Media layoffs spark a question: What happens to the middle-class journalist?
Growing up in Gary, Ind., during the '70s, I saw the impact as the local steel mill industry shrank from 30,000 jobs at its height to 3,000 positions in short order. Before long, a time-honored progression was forever disrupted, where kids who weren't bound for college, civil service or the military could still get jobs that might lead to middle class wages.
Now, I see a media industry where some of the most talented, experienced and middle-class writers are being cut loose from the operation. Much as you want to avoid hyperbole and overreaction, it feels like another turn toward the online economic model -- where mostly owners and big managers are paid decent wages, and costs are kept low by keeping a tight lid on wages for most workers.
In an information age where anyone can have a Web site or self-publish a book or put up a podcast or Webcast, what happens to the value of the skills of professional information gatherers, particularly when more corporate managers are embracing the ethic that quality may cost too much?
Exhibit A: the new surge in layoff announcements in recent days, likely spurred by ongoing pessimism about the 2009 economy and the growing realization that political advertising won't be around to cushion next year's third quarter.
These days, media Web sites can feel like a roster of penguins pushed off the ice floe. Editor and Publisher notes layoffs at Gannett newspapers nationwide will reach 2,000 people, including 52 jobs in Indianapolis and 50 jobs in Honolulu. TVNewser reports NBC-Universal is cutting 500 jobs amid cost reductions aimed at saving $500-million, with reporters Don Teague and John Larson among those cut. The Web site also reports Donny Deutsch's CNBC show is on hiatus and former CBS News producer Josh Howard has left NBC's business channel. Viacom also announced recently it will eliminate 850 jobs across the company.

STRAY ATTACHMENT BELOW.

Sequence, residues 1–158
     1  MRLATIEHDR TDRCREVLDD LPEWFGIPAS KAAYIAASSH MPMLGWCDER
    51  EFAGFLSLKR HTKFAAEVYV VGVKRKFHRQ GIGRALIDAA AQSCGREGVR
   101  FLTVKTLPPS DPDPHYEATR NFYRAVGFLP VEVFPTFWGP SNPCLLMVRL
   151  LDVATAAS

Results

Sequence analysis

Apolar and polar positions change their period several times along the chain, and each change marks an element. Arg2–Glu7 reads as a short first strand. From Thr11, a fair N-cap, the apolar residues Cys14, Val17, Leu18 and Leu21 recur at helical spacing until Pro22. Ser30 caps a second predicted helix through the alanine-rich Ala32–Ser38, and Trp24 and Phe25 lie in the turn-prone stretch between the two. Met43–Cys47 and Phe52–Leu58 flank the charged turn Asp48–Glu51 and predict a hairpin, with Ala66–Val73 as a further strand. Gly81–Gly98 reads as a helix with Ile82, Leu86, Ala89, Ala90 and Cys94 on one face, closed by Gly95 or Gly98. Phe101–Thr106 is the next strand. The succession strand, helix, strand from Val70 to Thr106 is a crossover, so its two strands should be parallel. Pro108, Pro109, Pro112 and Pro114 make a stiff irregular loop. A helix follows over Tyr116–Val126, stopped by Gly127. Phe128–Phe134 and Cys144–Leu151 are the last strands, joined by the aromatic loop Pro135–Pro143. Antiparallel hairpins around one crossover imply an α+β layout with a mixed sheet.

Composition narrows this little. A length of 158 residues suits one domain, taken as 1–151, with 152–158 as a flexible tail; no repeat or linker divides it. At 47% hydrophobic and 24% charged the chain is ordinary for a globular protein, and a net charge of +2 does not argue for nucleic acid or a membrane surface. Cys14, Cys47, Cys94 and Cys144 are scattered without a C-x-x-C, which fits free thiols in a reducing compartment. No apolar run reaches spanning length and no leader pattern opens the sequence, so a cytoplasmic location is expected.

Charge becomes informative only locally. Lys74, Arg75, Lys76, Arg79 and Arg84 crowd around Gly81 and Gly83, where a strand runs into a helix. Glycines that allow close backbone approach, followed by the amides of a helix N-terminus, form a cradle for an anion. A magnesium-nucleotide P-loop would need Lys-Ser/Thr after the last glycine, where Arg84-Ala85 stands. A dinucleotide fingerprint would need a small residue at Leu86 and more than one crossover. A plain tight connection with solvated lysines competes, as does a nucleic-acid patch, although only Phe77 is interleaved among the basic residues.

Former WTSP reporter Miles O'Brien (shown at left) is leaving CNN after that newschannel eliminated its science and technology reporting department. Cox Media is closing its newspaper chain bureau in Washington D.C. and combining its newspapers, radio and TV chains under a single organization.
And then Maureen Dowd weighed in with a breezy column about a California newspaperman who is using workers in India to cover public meetings in his town -- via online -- to cut labor costs by more than half (in the column, the editor admits his reporters may not always understand the importance of stuff happening during the meetings, but so what?).
All this is the result of our well-documented economic slowdown, the ongoing media recession and the disruption of adjusting to digital technology. But I wonder if media outlets' response to this ever-adjusting landscape will make it tough for ground-level reporters to earn a middle-class living.
And what will happen to our news infrastructure if that becomes a reality?